Some smokers joke that marijuana is their religion, but new research shows ancient Israelites may have used cannabis as a ritual to access God. Researchers recently announced they discovered cannabis resin on one of two alters at the entrance to the “Holy of Holies” of a Judahite shrine in Israel’s Tel Arad.
Specifically, marijuana was found mixed with animal dung on the smaller of the two shrine altars, according to a study published Thursday in the Journal of the Institute of Archaeology of Tel Aviv University.
Archaeologists did not discover other marijuana properties, like seeds or stems, in the shrine, leading researchers to suggest hashish “may have been imported from distant origins and were transported as dried resin.” They dismissed notions cannabis was used as incense, since many of marijuana’s fragrances could be found in nearby plants.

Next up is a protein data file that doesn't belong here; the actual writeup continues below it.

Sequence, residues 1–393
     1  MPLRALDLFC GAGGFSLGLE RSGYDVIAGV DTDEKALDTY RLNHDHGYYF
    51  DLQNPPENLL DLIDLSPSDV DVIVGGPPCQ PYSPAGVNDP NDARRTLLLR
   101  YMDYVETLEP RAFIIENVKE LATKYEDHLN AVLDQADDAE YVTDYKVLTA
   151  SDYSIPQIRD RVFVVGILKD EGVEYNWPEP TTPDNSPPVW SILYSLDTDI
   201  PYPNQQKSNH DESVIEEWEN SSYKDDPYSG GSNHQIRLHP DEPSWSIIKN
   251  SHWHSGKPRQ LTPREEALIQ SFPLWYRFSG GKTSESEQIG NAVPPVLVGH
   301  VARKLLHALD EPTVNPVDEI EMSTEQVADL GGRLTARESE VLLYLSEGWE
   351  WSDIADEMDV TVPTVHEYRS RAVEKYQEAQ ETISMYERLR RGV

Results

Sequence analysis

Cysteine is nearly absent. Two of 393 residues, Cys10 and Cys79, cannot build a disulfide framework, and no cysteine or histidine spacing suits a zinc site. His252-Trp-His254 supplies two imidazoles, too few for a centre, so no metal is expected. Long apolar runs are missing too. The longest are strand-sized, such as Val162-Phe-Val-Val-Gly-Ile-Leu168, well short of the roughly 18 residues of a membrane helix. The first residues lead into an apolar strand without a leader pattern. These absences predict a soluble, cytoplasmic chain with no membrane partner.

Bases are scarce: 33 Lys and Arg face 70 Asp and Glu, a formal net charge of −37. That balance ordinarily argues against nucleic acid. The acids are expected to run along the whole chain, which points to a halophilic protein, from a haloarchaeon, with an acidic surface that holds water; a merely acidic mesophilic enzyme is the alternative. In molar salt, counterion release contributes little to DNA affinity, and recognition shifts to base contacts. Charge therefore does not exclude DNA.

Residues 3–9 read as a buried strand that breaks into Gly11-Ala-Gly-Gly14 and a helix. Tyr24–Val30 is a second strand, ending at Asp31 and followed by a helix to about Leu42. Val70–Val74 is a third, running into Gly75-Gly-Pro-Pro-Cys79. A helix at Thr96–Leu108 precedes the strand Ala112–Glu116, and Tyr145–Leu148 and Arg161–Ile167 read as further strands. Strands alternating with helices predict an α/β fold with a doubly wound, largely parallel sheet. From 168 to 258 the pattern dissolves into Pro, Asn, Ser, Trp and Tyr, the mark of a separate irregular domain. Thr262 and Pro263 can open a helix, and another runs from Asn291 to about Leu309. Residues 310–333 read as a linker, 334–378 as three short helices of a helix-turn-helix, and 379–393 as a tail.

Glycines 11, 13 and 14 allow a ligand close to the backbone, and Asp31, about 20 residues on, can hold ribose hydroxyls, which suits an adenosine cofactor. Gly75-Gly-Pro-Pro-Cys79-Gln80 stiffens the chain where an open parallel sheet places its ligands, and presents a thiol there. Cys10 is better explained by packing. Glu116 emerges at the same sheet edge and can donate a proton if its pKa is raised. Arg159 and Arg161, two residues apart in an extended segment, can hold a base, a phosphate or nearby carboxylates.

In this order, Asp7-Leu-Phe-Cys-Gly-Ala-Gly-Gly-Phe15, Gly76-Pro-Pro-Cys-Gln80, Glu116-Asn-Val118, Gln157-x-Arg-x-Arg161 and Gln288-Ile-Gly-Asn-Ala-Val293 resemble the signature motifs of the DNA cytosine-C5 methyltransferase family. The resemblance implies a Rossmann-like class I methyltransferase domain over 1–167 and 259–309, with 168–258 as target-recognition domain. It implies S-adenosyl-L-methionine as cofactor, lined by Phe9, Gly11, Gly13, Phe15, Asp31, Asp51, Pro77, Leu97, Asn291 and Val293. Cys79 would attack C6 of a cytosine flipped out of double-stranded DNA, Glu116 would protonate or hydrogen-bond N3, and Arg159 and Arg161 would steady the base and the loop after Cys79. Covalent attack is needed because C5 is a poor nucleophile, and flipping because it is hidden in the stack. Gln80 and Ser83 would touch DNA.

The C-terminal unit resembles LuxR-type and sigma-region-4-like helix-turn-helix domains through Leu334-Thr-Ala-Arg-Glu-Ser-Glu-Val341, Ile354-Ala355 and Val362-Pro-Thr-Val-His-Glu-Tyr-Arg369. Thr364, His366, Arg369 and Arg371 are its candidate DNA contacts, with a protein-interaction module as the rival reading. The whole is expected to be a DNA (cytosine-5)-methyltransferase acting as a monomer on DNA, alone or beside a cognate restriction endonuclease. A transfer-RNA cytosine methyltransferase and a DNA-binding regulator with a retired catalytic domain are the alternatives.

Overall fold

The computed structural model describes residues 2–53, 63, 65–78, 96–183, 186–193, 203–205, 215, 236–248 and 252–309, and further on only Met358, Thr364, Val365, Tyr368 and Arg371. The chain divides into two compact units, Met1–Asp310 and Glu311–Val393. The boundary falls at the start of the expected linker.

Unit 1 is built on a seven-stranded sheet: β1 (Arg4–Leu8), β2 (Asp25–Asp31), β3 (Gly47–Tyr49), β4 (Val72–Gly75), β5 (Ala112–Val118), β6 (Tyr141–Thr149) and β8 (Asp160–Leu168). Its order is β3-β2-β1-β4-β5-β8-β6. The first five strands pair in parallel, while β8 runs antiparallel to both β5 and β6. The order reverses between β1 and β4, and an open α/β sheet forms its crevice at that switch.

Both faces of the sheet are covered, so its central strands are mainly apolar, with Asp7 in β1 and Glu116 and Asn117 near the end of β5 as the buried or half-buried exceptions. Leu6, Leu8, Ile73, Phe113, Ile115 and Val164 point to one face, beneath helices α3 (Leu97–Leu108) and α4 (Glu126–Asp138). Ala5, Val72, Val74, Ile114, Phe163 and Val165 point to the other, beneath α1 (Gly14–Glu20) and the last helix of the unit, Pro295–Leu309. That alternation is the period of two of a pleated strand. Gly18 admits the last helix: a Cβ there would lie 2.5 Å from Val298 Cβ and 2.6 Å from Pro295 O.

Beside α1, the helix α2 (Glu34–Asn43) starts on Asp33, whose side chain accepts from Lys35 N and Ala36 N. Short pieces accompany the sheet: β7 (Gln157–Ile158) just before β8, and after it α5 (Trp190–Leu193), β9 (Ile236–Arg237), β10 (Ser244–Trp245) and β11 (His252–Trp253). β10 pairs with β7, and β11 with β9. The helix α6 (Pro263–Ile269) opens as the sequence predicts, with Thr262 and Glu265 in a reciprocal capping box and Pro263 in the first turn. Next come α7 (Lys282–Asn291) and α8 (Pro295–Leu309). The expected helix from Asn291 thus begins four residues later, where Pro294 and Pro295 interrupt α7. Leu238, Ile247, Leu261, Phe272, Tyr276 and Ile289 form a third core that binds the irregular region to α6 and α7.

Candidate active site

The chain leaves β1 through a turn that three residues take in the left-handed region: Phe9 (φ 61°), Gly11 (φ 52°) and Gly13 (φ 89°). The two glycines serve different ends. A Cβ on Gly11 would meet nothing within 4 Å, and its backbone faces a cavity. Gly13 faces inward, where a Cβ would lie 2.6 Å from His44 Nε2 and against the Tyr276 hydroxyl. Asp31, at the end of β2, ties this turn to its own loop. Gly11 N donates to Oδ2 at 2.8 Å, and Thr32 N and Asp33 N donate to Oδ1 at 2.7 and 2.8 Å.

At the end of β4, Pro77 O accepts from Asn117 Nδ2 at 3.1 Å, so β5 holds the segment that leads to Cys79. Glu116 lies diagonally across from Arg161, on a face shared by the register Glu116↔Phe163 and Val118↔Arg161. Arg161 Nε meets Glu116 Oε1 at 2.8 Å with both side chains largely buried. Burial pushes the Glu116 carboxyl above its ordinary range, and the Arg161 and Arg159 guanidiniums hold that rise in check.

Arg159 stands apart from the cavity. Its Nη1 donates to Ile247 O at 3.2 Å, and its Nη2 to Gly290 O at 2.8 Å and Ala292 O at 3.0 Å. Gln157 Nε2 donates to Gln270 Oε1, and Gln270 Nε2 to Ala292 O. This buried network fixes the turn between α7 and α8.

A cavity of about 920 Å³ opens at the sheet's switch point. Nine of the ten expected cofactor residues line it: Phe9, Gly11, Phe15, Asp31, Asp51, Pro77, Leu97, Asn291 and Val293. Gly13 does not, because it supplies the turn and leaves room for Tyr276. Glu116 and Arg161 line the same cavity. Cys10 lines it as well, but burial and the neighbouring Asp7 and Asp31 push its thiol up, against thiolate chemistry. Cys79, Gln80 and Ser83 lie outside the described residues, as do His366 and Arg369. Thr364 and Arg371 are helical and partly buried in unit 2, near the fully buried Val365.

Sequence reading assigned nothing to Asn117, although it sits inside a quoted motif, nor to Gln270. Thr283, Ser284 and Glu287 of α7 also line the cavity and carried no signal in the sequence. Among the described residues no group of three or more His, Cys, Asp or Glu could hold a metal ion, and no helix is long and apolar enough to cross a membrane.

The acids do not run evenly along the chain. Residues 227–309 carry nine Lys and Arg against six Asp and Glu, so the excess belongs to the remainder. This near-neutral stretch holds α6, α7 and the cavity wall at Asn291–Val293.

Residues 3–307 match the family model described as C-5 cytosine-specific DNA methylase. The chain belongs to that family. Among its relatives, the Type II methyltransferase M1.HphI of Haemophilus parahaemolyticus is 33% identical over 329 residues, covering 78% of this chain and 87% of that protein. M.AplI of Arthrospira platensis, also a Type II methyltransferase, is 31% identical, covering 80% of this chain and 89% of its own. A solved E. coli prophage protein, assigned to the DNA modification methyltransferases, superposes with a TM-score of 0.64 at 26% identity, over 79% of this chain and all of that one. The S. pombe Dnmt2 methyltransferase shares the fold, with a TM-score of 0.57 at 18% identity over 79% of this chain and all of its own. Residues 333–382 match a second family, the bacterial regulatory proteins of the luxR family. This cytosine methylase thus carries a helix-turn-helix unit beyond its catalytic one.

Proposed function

“It is likely that the cannabis burnt on the altar was not imported for its smell or therapeutic virtues but for its mind-altering abilities, expressed only by heating,” researchers wrote.
Between the two limestone altars, believed to be used in the Iron Age (760 to 715 BCE), researchers uncovered remnants of burnt cannabis, frankincense, animal fat, and excrement. Upon discovering cannabidiol (CBD) and tetrahydrocannabinol (THC) on the small altar, researchers tested the samples again at a second site, where CBD and THC were once again detected. Animal dung was likely used to prolong the marijuana burning.
“Hallucinogenic substances are known from various neighboring cultures, but this is the first known evidence of hallucinogenic substance found in the Kingdom of Judah,” researchers wrote.
“The use of psychoactive materials is also well known in ancient Near Eastern and Aegean cultures since prehistory,” they added. “It seems likely that cannabis was used at Arad as a deliberate psychoactive, to stimulate ecstasy as part of cultic ceremonies. If so, this is the first such evidence in the cult of Judah.”